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Bloomberg beats Thomson Reuters in revenue/headcount

Bloomberg outperforms Thomson Reuters by a wide margin in terms of revenue per employee, according to a US financial desktop product industry consultant.

Investment bank Goldman Sachs, in an equity research paper following a recent meeting with Douglas Taylor, pictured, founder and managing partner of Burton-Taylor International Consulting, summarised his analysis of the $25 billion market data market as follows:

  • The market is stagnant and overall is slow growing. It may stay stagnant.
  • Persistent layoffs of 2013 set up a lagged impact on results that will make it as challenging, if not more, than 2012 for sell-side facing market data providers.
  • Thomson Reuters takes over 25,000 employees to generate $7 billion in financial revenue vs Bloomberg’s $7.8 billion in revenue with 13,000 employees, and platform consolidation is an imperative to improve this. Thomson Reuters’ revenue in its financial and risk division plus media is $7.5 billion, Taylor said. He pointed out that literally thousands of the company’s employees are relatively lower wage data-related positions in places like Bangalore.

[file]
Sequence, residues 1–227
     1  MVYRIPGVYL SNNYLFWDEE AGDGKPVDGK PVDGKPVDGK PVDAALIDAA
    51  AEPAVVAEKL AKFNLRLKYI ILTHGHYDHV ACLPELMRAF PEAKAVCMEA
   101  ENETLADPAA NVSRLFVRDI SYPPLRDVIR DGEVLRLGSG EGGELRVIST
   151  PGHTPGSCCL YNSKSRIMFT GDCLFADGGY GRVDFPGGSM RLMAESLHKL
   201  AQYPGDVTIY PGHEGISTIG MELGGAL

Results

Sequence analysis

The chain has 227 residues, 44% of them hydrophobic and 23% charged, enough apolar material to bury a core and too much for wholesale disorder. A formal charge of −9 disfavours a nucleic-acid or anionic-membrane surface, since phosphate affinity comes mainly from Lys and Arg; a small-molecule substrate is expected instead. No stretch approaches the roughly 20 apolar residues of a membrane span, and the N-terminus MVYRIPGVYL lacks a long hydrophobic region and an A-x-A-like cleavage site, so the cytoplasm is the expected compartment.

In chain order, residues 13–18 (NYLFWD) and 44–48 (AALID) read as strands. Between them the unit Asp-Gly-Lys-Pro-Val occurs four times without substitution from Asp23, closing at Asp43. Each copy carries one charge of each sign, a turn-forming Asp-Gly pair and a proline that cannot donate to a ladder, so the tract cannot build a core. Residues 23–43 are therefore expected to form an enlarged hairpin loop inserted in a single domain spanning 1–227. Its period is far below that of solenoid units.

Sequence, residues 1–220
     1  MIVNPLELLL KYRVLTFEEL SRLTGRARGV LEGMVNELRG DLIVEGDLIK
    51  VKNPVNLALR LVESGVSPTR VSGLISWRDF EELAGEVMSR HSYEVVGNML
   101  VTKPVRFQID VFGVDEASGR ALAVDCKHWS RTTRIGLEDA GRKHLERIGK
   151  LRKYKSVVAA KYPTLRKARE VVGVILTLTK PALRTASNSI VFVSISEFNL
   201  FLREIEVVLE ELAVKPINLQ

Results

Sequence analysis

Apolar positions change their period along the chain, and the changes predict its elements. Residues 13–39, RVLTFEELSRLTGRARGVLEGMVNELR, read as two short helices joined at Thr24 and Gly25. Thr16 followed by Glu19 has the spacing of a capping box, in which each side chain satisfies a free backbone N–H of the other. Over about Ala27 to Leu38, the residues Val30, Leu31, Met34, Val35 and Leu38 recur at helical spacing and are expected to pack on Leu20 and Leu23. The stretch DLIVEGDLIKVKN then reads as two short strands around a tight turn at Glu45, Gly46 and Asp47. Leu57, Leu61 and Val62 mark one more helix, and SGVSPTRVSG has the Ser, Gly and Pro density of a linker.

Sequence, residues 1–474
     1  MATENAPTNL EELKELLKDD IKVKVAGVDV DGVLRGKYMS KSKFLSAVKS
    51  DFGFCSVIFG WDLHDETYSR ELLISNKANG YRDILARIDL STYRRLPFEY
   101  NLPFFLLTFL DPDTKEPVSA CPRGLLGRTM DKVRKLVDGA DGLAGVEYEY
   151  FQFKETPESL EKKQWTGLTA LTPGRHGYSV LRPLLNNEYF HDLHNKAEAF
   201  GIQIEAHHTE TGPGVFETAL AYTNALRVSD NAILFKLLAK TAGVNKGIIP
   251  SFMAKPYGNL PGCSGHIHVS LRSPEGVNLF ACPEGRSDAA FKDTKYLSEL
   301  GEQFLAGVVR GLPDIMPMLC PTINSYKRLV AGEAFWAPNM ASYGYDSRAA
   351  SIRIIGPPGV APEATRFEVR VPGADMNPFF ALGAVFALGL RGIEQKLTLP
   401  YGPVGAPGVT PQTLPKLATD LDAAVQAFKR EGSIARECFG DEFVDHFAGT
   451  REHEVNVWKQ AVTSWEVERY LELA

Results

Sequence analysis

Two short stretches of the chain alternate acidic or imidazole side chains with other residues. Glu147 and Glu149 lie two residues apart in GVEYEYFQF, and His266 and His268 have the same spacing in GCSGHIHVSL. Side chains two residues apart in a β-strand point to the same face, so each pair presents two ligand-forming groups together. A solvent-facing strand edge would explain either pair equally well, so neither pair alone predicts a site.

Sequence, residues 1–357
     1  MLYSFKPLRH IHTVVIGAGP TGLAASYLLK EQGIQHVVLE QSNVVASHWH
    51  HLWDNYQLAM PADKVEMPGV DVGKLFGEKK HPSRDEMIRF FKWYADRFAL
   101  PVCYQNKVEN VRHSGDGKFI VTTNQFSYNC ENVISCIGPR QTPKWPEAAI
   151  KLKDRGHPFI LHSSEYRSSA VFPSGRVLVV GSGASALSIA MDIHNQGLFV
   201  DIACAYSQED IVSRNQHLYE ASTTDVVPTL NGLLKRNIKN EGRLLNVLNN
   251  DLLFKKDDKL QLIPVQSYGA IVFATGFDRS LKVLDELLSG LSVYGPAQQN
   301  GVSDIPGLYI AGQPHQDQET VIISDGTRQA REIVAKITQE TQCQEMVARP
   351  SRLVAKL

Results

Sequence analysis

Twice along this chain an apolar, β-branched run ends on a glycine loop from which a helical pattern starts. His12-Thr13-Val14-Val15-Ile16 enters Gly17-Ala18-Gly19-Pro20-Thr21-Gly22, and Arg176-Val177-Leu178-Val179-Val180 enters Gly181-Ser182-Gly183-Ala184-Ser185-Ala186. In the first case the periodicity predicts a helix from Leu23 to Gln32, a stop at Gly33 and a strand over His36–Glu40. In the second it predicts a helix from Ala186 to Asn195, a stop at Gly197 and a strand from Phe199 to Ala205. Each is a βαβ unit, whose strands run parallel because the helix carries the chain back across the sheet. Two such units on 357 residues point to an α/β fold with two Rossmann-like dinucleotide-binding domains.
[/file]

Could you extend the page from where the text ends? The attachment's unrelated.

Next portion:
Goldman Sachs said the implications of this are that soft volume and lagged impacts from sell-side cutbacks will weigh on Thomson Reuters and FactSet Research Systems, another competitor, through 2013 and 2014.

Taylor’s Florida-based consultancy focuses on helping information, news, software and financial services companies improve performance. Previously he was an executive of Reuters and later Thomson Financial. He joined Reuters in 1987 and spent 15 years in North America, South America and Europe, the last five of which heading Reuters news marketing and product management globally. After leaving Reuters in 2003 and before founding Burton-Taylor in 2006, Taylor served as managing director, customer segment management, marketing & product development, for Thomson Financial in Asia.

Editor’s note: The original version of this story gave Bloomberg’s revenue as $13 billion, which figure was quoted in Goldman Sachs’s paper. Douglas Taylor says this is wrong. He has contacted the bank about the error.

Burton-Taylor’s latest market share and segment sizing data which includes a copy of its market sheet on Bloomberg can be downloaded here.

SOURCE Goldman Sachs Burton-Taylor International Consulting ■

Goldman Sachs